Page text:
I used to just accept it. I even told myself it was “normal.” I used to pride myself on being one of only a few women in a male-dominated industry. Yet, I used to cry in my hotel room at work conferences and then convince myself I was just being weak. I would quickly change the subject when someone said something so inappropriate to me that it would make the group grow silent. I would watch what I drank and give myself a bedtime so that I didn’t give them an opportunity to make me feel like an object. If I wore an outfit that got me too much “attention,” I would banish it to the back of my closet so I didn’t get noticed as much. I used to stomach it…but that time has come to an end.
The #MeToo movement is in the headlines every single day, even more with the recent addition to the Supreme Court. It has taken many shapes and forms, from horrific stories of rape to men objectifying women just for walking a certain way. I consider myself one of the “lucky ones” because I was never raped or forced to unwillingly participate in a sexual act. Though, I find myself in recent days feeling tremendous guilt, because what I have tolerated for many years could be looked at as a starting point for men to go down a path of irrevocable violence.
I have spent 15 years in outside sales, spanning from my early twenties to my late-thirties, where I have openly allowed men to treat me inappropriately. From the comments about my looks and physical attributes to the occasional ass grab, it happens so often there is no way to keep track of how many times. I am great at my job, better than most men and women in my profession. Yet when I started my current position 8 years ago, at an introductory meeting with an important customer, the owner turned to my employer and said, “I see why you hired her.” It was insulting, degrading, and all four men in the room just laughed. I smiled and began a long career of allowing this to happen over and over again.
Yet in recent months, something in me has changed. Some people may say its age and being worn down after years of a slow burn of abuse. I attribute it something so much bigger. #MeToo has provided me with a sense of not being alone. It has allowed me to open up to people more, and instead of only crying in my hotel room, I have started reporting abusive behavior to make it clear it’s no longer tolerated. I speak openly to women about what is going on in my life, and it allows them to also open up and tell me their stories. Every woman has at least one story, and sadly, most women have many stories to tell.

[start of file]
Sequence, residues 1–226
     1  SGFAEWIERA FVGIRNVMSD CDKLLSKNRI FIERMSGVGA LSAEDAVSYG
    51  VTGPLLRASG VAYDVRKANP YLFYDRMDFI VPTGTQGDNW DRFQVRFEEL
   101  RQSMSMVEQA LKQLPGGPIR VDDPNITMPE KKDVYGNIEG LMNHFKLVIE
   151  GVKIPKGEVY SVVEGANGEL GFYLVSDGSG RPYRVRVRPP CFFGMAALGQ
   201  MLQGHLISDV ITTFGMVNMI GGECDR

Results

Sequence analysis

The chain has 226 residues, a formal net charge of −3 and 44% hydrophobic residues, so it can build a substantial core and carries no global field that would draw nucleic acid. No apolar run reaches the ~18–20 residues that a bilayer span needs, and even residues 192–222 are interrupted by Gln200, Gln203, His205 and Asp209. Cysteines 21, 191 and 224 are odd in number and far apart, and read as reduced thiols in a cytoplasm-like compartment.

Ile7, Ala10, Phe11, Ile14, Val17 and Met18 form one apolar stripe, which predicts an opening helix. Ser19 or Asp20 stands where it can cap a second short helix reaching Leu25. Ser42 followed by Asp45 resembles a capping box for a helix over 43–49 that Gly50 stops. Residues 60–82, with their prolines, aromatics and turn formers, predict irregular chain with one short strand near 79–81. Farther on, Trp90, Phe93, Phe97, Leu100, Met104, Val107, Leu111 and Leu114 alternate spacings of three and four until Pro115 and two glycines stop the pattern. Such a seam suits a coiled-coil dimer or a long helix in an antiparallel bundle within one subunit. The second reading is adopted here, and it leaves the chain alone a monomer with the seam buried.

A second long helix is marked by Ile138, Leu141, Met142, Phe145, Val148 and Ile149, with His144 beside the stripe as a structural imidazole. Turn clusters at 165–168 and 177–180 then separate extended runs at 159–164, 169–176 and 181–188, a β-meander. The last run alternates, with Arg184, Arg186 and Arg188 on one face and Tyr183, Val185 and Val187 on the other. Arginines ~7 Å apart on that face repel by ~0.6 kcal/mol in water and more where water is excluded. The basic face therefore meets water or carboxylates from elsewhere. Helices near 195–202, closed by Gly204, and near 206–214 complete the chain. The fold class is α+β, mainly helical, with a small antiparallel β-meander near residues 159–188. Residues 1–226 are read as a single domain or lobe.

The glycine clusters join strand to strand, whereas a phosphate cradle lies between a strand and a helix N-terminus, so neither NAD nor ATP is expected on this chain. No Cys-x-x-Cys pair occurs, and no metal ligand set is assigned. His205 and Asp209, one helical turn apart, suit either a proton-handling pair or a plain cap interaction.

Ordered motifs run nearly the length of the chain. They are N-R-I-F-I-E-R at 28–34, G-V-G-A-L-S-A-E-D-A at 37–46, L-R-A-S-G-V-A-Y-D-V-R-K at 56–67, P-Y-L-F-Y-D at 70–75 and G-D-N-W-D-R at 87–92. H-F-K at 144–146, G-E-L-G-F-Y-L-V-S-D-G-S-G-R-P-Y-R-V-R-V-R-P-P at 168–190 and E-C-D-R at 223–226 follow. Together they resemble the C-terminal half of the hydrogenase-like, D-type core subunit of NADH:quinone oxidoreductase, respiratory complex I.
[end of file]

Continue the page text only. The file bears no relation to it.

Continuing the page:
#MeToo has made me so much stronger, but unfortunately, it also may make me unemployed. I would never be fired, because again, I am DAMN GOOD at my job. The choice to stay just may no longer be an option. As much as I want the industry I am in to change, it has been around for over 100 years and most likely will not. The men I work with will try to understand, and sometimes they even come close to it. They sympathize and say sorry, however they ask questions like “Was he drunk when he did that?” Because being drunk for men is an excuse to be inappropriate, but for women, it is looked at as a reason to question and doubt us.
Unfortunately, in all of this mess, there is a sweet, smart, beautiful 4-year-old little girl I need to look out for. I have lost countless hours of sleep in fear for her future. So it is my job to teach her to respect herself and demand respect from others. That she will always be more than a pretty dress or a flirty laugh. Her worth is endless, and she must always be treated as an equal, regardless of the circumstances. And that letting things happen to her, like I have let them happen to me, should no longer be an option for her generation.
Yet we are currently in a very unfortunate political climate that allows a United States President to openly mock a woman for telling her story. Even in 2018, we continue to make the abuses of women their fault and not the man’s. So I stand with my sisters and say #MeToo. I may have to leave a job over it, but that feels so very worth it.